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Bombshells Restaurant & Bar Bombshells Restaurant & Bar

Houston Bombshells chain fuses food and entertainment

Newest restaurant provides blueprint for growth

Bombshells Restaurant & Bar opened its fifth location in July, debuting a modified layout that company executives say will be the brand’s expansion blueprint. 

The restaurant is the third in Houston for hometown-based parent company RCI Hospitality Holdings Inc., which owns and operates five Bombshells as well as 40 adult entertainment venues such as Rick's Cabaret, XTC and Club Onyx.

The Bombshells subsidiary, which opened its first restaurant in a Dallas conversion in 2013, expects its newest and first ground-up build to serve as a prototype for its planned growth, said Eric Langan, RCI president and CEO, in an interview Monday.

Bombshells restaurants feature ample televisions and a female waitstaff in provocative uniforms.

The company has two more restaurants planned for this year and expects to open three in each of the next several years, Langan said. The latest restaurant covers 7,900 square feet inside with a larger-than-typical 3,100-square-foot patio. It seats 433.

Bombshells Restaurant & Bar

“About 8,200 square feet is what our prototype store will end up being,” Langan said. “The majority of our stores going forward will be built on this floor plan.” The design is based on an aircraft hangar.

“This restaurant is a fine-tuning of everything we’ve done over the past four years, said Travis Reese, RCI executive vice president, who originated the Bombshells concept.

The brand offers elements that appeal to social marketing, such as three 2,000 (inactive) bombs at the front and military theming throughout.

“We’re trying to create places for people to take pictures, be it Facebook, Instagram or Snapchat,” Reese said.

Bombshells’ menus aim at a comfort food.

“We have a very varied menu,” said David Simmons, Bombshells director of restaurant operations. “We do a lot burgers, wings, ribs and chicken-fried steak. Our top burger is The Medic, a half pound burger with cheese, jalapenos, chiles and fried egg on top.” Sales on average are split evenly between beverages and food.

Bombshells Restaurant & Bar

The latest location included a throwback item. “Our Uncle Spam sandwich sells extremely well,” Simmons said. “It moves very well, both to young and old alike.”

He said the concept’s per person check average lunch is $21 and dinner $32 to $35. “That’s where the 50 percent liquor helps,” Langan added. The company said average annual unit volumes were more than $4 million each for the four restaurants open at the end of fiscal 2016.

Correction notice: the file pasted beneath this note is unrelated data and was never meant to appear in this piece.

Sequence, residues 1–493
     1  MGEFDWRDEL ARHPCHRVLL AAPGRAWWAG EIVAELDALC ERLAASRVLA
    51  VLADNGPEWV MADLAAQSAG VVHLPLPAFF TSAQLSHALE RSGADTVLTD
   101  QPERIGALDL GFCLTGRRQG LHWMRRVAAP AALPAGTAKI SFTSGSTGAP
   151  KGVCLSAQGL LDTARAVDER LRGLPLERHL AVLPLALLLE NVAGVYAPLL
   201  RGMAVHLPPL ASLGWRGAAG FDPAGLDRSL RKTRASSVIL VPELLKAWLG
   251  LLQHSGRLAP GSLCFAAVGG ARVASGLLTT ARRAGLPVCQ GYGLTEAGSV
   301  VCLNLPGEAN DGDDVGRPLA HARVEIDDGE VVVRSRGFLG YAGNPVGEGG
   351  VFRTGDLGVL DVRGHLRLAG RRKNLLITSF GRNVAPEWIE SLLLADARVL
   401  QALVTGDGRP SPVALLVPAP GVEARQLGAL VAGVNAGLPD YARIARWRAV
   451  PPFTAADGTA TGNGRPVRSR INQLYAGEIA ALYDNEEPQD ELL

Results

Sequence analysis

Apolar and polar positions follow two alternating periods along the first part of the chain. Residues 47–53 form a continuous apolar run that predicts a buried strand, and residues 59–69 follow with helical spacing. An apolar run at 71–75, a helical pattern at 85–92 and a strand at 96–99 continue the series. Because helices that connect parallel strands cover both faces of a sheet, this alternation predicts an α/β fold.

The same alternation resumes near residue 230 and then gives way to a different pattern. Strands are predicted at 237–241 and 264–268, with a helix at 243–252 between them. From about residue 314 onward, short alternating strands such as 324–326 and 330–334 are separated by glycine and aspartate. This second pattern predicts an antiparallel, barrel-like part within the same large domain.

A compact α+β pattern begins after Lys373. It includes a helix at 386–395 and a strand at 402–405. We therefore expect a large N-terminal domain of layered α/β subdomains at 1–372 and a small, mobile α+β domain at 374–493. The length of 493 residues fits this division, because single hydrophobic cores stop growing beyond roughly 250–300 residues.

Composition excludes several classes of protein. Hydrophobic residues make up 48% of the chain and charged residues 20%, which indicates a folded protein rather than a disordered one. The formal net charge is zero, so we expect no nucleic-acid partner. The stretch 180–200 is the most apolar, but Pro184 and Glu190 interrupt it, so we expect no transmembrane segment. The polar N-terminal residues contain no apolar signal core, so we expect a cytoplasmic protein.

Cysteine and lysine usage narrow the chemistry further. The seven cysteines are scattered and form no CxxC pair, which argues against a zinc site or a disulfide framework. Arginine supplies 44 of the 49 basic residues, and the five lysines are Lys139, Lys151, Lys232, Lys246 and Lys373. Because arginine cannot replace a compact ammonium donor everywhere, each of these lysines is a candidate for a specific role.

Because this Northwest Houston unit is the brand’s first unit with new construction, Langan said the layout has been modified from earlier restaurants, of which the company has one in Austin and the original in Dallas. The Bombshells division buys its real estate, and the company has recently begun a franchising program that it intends to pursue in 2018

“We did build the patio a little differently,” Langan said. “We moved the walk-in coolers and incorporated a giant oak tree that we didn’t want to cut down. So rather than a 2,400 square foot patio, we have about 3,100 square feet of space in this location.” About 60 percent of the patio is covered to protect it from sun and rain, he said.

Bombshells Restaurant & Bar

Bombshells also has connected controls for heating, air conditioning, sound, music and the 100 televisions with technology so a manager can control the environment from an iPad.

The kitchen in future units may be expanded, Simmons said.

Langan said the brand’s demographics spread across four dayparts, including workers from the nearby area at lunch, a happy hour that tends to be mostly male, dinner from 5:30 p.m.-10 p.m. that includes families, after late-night customers dominated by 25 to 30 year olds until 2 a.m.

“If our late-night crowd is down, our lunch can be up,” he said. “We don’t have the downtime of a typical casual-dining restaurant.” Sporting events bring in a combination with a sports-bar crowd, including a standing-room only crowd of 500 at a recent Ultimate Fighting Championship event. 

Because of the brand’s military theming, Reese said the company is working with veterans and armed forces-linked groups, such as the Folds of Honor scholarship program, on its openings. It also offers a 20 percent discount to current military personnel and veterans.

Contact Ron Ruggless at [email protected]

Follow him on Twitter: @RonRuggless

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